Terror in Chch
Thrown together by tragedy, united by cricket
Police uniforms were switched for cricket shirts at a special game with Christchurch’s Muslim community yesterday. David Williams reports
In their home countries, this mightn’t have happened.
A Christchurch Muslim team took the field against the Australian Federal Police in an unpublicised game yesterday, while uniformed local police watched on – a sign of the caution still deemed necessary because of the terrorist attack in the city last year. Wandering among the onlookers was Canterbury’s district commander, Superintendent John Price.
Habib Ullah, the Muslim team captain, who is of Pakistani descent, says: “In our country, talking to a superintendent – not even talking to a superintendent, talking to an inspector – is a huge thing. Whereas here we can talk to any person.”
Ullah said many immigrants and refugees had unpleasant experiences with police in other countries. “Unless we meet those people, front-to-front, and we laugh with them, we chat with them, that barrier is still there. For me these events are a great opportunity to remove that barrier.
“And we can think, yeah, it is OK to call somebody if we are not feeling OK – if we think we need it.”
Gamal Fouda is Imam at Masjid Al Noor, one of two mosques attacked by a gunman in March last year. (Imam Abdul Lateef, from the Linwood Islamic Centre also attended.) Fouda was present at Al Noor that day, when 51 people died and almost as many were injured, many seriously, while some of the uninjured now suffer from post-traumatic stress disorder.
Fouda, who has since been elected to one of the city’s community boards, says those in the Muslim community who have lived in this country a long time are familiar with police and other government agencies, but some might remain hesitant about dealing with them.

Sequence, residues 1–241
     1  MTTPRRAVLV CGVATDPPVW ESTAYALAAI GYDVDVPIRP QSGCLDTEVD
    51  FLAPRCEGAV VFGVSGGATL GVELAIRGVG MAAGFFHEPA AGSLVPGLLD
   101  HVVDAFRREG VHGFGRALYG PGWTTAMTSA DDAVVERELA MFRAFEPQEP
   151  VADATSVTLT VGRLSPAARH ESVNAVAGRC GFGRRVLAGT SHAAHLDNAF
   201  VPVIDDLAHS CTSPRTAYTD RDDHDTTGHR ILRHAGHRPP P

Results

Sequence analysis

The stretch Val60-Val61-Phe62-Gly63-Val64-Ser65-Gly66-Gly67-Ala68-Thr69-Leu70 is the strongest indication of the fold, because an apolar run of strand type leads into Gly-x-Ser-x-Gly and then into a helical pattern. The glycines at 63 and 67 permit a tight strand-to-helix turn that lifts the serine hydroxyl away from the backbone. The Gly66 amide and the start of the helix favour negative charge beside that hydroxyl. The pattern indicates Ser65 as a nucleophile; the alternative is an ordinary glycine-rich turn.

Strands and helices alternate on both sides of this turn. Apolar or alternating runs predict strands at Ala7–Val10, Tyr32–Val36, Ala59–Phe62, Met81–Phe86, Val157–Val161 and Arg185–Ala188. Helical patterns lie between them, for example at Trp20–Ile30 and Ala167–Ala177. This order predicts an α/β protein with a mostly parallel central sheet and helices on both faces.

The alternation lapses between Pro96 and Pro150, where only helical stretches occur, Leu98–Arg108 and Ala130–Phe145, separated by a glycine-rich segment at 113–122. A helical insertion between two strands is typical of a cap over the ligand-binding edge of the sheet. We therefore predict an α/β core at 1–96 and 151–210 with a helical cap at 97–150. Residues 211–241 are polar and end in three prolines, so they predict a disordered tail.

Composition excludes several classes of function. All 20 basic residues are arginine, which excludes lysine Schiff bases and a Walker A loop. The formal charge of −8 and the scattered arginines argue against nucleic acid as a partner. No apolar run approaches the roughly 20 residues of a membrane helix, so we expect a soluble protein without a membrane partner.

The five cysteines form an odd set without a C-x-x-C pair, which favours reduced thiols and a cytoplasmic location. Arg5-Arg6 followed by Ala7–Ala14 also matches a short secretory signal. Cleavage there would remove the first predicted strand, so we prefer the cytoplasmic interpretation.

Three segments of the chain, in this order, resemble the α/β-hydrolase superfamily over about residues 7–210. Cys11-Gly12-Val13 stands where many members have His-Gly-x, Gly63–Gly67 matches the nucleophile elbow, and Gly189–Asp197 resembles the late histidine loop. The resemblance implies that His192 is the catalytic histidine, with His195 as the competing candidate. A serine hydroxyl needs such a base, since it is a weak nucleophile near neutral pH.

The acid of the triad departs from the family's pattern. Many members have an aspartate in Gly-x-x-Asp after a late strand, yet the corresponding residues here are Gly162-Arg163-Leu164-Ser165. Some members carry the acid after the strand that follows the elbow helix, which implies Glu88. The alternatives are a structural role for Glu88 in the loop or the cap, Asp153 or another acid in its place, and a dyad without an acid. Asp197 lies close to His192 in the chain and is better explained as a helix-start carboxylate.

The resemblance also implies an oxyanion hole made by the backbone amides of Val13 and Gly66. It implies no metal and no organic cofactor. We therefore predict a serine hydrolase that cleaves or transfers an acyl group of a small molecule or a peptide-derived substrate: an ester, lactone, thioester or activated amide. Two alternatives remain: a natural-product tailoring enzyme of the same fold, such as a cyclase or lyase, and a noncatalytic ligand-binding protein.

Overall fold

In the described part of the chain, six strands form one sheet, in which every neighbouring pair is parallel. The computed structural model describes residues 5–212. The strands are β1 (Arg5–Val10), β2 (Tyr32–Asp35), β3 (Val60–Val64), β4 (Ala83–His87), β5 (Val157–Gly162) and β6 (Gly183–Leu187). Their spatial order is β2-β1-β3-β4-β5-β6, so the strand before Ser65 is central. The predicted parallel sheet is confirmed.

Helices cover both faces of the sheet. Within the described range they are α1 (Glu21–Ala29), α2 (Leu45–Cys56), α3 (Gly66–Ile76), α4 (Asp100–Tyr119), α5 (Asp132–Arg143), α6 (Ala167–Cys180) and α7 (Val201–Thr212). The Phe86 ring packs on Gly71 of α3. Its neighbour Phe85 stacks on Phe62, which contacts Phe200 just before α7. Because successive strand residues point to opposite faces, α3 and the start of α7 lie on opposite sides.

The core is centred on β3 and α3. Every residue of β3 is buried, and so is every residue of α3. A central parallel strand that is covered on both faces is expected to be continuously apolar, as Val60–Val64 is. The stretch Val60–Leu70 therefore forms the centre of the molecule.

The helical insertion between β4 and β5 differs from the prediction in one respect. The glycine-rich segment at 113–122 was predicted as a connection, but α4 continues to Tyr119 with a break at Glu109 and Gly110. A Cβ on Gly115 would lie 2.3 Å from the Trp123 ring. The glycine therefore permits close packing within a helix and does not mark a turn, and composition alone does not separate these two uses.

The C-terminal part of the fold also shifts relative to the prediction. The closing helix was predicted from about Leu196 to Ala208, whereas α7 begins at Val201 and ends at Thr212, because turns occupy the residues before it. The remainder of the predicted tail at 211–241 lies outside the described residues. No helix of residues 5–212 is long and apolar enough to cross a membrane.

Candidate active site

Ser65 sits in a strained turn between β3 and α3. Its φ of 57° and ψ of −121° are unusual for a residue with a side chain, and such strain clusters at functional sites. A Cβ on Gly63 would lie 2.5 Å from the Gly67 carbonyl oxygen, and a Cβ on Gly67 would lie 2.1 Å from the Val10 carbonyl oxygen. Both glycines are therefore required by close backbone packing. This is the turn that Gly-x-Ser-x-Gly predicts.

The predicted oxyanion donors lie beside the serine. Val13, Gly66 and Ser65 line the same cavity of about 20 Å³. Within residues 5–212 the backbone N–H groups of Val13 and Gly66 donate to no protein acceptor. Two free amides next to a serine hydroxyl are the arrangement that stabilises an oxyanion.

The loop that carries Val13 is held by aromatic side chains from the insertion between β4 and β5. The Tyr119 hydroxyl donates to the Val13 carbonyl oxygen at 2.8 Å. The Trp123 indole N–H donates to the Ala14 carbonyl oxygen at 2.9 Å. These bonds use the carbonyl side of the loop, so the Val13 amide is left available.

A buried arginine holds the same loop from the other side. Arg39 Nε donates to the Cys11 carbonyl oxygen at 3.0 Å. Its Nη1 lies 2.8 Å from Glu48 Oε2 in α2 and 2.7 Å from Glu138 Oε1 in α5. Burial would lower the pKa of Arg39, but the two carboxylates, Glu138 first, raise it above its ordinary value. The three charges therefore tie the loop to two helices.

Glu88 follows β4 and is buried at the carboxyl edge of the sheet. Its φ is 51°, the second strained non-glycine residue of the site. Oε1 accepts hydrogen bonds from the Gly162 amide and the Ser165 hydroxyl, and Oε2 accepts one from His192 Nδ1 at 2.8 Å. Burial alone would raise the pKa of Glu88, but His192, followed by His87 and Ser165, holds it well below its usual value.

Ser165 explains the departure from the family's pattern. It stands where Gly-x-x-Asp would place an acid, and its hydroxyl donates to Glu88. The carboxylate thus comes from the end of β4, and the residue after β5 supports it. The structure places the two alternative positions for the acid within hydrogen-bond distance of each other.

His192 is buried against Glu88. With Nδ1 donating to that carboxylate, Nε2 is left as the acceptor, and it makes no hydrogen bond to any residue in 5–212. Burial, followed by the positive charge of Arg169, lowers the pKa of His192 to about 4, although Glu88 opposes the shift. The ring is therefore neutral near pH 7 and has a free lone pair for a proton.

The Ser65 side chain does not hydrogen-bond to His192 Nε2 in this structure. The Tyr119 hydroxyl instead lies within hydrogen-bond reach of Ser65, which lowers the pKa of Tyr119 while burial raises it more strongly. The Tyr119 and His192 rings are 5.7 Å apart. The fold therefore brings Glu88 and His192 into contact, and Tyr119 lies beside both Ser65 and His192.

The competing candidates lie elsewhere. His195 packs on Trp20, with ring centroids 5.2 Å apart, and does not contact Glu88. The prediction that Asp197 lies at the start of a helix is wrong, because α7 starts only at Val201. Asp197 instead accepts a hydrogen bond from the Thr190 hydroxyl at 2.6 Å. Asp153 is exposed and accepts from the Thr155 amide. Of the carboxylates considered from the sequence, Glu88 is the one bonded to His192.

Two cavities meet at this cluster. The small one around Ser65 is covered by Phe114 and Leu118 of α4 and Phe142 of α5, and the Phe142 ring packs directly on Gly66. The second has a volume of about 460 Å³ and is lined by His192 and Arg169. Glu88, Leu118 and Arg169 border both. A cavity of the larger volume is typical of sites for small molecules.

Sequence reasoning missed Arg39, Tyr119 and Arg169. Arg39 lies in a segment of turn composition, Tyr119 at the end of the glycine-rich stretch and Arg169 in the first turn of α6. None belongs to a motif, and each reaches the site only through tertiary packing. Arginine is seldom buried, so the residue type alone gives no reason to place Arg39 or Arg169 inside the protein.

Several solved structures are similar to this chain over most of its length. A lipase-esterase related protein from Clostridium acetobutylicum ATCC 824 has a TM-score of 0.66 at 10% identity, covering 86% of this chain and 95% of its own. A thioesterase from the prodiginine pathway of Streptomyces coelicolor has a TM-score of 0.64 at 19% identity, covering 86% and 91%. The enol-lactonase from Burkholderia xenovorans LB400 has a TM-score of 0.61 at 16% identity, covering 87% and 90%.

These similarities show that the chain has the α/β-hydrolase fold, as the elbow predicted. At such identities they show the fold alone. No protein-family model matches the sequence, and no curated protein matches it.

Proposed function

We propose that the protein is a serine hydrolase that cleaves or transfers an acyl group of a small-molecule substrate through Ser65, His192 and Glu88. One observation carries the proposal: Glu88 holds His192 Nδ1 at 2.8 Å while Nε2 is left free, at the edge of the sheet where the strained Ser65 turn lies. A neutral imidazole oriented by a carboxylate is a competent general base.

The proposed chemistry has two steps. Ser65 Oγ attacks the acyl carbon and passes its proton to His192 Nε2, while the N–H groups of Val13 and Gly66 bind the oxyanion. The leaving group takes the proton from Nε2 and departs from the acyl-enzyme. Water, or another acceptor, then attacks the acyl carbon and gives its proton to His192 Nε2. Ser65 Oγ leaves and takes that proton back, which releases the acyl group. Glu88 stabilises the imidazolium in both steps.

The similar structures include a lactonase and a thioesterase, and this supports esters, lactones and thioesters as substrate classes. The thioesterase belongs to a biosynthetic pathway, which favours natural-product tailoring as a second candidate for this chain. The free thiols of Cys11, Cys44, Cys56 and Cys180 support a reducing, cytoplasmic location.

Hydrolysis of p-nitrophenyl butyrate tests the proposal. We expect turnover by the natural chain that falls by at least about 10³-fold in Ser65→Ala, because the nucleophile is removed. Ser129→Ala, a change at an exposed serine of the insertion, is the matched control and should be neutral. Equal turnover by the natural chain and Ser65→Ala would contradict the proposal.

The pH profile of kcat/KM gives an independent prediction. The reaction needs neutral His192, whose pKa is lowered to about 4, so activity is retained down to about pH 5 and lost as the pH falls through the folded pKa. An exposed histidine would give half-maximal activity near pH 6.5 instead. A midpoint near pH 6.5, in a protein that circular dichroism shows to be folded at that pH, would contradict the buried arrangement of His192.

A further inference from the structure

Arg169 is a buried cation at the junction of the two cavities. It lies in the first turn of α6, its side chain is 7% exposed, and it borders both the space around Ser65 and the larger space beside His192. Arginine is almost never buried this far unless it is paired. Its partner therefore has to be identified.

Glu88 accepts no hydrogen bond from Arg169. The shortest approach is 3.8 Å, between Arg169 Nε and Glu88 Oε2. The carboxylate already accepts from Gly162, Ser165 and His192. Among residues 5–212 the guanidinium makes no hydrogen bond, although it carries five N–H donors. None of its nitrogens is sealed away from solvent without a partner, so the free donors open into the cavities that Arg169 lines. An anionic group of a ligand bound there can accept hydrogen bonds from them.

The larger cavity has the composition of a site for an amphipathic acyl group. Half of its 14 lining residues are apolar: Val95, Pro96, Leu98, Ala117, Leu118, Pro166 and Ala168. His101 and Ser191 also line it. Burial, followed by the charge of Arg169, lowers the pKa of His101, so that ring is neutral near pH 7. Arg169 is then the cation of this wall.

That’s where sport comes in. Last October, a police football team played a Muslim side, dubbed Ummah United, at Christchurch’s English Park. Of yesterday’s cricket match, held at Redwood Park in the city’s north-west, Fouda says: “It is very important to connect to people, to start doing something different.”
Two players from Australia lent the day some serious cricketing credibility. Hameed Kherkhah and Nazir Shinwari won community rookie contracts to join Sydney Thunder, in the twenty-20 Big Bash league. They play first-grade cricket in New South Wales.
The pair, who have Afghan roots, ran coaching clinics at high schools Shirley Boys and Hagley Community College last Friday. They also visited the local Muslim community, and met old acquaintances.
Kherkhah, an off-spinner, knows Linwood mosque hero Abdul Aziz from his Sydney days, and was delighted to see him again. “What he has done, words cannot put it together. It’s really good to see him.”
Visiting Masjid Al Noor left Kherkhah, the son of an asylum seeker, in goosebumps and tears. He was also moved by photos taken by an Afghan survivor at the Linwood Islamic Centre. “It’s terrible it happened. But the outcome: [the gunman] tried to divide people, but the community got stronger.”
The Australian Federal Police (AFP) was formed in 1979 in response to terror. The previous year, a police officer and two rubbish collectors were killed by a bomb that exploded outside central Sydney’s Hilton Hotel.